October 11, 2008
At an era in which children are captivated by technology, the thought of attending an educational institution, such as the museum, for leisure may be disregarded. However, the Maryland Science Center is such an intriguing place that as a collegian myself, I was enthralled by the vibrant colors and activities at each exhibit. The gleaming, three-story museum consists of several galleries including the Science Arcade, Follow the Blue Crab, Fossil Quest, Your Body: the Inside Story, Science on a Sphere, Our place in Space, Bodylink, Spacelink, Planetarium, Newton's Alley, Terralink, Dinosaur Mystery, and the Demo Stage. Evidently, the museum covers numerous scientific topics from Astrology to Zoology.
In Newton's Alley, children are able to interact with the physical science: matter, energy, force and motion. One exhibit revealed the concept that white light is simply a mixture of different colors by using a prism that separates white light into a rainbow of colors. Conversely, by mixing red, blue, and green light, white light was formed again. Another exhibit showed how heat could create patterns in water by revolving a wheel to create a cycle in water. Hot air is denser than cool air. So as energy is added to water through the cycling, it gains heat and rises; bringing the heat to the cooler water above. This cycling of water is similar to a convection current that allows us to see mirages during the hot summer day. Both displays accurately convey their information for they manage to demonstrate the phenomenon through its visual appeal. The first exhibit would effectively get across to children since it is so simple. In contrast, children may have difficulty understanding the second exhibit. The diction "convection current" in the explanation of the display is enough to confuse a young child.
Your Body: The Inside Story focuses on the inside of the human body. One display in this gallery focuses on the importance of balance by allowing children to balance themselves on a plank for as long as they can. The exhibit then explains that a liquid inside the ear sends signals to the brain enabling balance. The balancing activity does not involve the use of ears and thus fails to accurately portray the information. Furthermore, the concept may be incomprehensible to young children. Logically, ear and balance may seem unrelated. Another exhibit in the gallery showed that the mixture of warm and cold temperature would feel hot. The feeling of coldness and warmness simultaneously sends a message to your brain making you think that the temperature is hot when it actually is not. In contrast to the previous display, this exhibit accurately conveys the information and effectively gets across to children by enabling them to physically feel the temperature change.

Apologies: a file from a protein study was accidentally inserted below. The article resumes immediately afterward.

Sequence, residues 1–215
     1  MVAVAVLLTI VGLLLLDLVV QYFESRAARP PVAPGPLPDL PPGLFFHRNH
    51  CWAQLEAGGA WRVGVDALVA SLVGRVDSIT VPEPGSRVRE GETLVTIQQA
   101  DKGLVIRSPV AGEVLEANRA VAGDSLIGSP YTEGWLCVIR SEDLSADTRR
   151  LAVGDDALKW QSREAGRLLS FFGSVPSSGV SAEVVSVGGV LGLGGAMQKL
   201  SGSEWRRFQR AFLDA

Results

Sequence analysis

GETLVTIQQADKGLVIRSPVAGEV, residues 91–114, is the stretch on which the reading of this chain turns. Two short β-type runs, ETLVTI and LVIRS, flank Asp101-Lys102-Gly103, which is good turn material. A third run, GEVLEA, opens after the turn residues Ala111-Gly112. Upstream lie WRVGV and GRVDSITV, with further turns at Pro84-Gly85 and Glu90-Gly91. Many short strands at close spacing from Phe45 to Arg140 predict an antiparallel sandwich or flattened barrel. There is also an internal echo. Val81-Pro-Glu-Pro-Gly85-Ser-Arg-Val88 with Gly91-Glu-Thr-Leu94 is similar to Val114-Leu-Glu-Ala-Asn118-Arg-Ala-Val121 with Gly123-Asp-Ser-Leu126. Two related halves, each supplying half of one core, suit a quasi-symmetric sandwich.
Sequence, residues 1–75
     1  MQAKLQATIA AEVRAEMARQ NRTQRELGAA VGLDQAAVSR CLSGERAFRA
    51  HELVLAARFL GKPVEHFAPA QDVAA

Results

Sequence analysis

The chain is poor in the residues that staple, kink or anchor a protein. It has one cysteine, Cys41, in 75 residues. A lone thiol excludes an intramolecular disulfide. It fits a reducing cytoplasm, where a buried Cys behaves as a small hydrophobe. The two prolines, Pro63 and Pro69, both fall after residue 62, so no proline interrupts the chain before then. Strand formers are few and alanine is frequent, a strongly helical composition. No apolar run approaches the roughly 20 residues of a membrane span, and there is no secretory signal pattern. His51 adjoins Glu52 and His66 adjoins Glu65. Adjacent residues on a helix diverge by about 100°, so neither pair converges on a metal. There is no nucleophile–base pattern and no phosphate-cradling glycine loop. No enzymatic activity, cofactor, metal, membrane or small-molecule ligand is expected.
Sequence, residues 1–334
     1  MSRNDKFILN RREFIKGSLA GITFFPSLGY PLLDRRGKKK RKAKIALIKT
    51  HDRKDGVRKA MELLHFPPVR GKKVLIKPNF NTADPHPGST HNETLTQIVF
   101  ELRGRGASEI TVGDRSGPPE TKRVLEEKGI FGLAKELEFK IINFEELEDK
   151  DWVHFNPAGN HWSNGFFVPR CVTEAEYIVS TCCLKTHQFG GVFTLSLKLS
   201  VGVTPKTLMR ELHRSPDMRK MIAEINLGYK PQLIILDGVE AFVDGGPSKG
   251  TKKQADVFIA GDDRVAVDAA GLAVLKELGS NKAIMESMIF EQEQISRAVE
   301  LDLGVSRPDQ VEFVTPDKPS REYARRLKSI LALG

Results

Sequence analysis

In Spacelink: Space News Update Center, an exhibit demonstrates how scientists use a system of coordinates to find the way around mars. Children are able to use a controller to move a robotic figure across the mars display. Doing so shows them where they are through the camera implanted in the robot. This method accurately describes how the NASA really locates itself around Mars. However, most children seem to be only concerned with playing with the robotic controller that they don't understand the main concept. Thus, the information is not effectively getting across to the children. In another gallery, Follow the Blue Crab, an exhibit shows how both seahorses and blue crabs both need salty water to survive. The mouth of the Chesapeake Bay is where the bay and the ocean meet therefore; the water there is the saltiest. Although this display manages to portray its information through the use of pictures of the bay, it may be unable to grasp the attention of energetic children.
Clearly, the Maryland Science Center had mostly interactive exhibits. Although these activities got the children to be involved, there were some disadvantages with such displays. For instance, many times, the children merely considered the museum as their playground. Therefore, their attention was only aimed towards the activities at each display rather than the information that it presents. It is probable that most children do not even read the explanations at each station. Furthermore, in contrast to traditional museum displays, interactive activities provoke the learning environment to be disorganized. Frequently, kids were seen running around, horse playing, and even displacing the objects from some display, thereby ruining the display for future participants. Therefore, one can conclude that interactive displays have both benefits and disadvantages.
Museums have to compete with other leisurely places to attract customers. However, the high cost of the ticket to some museums including the Maryland Science Center, may discourage some customers from attending. Thus, in order to continually attract families, the museum may seek for donations just as the National Zoo, or possibly get funding from the government.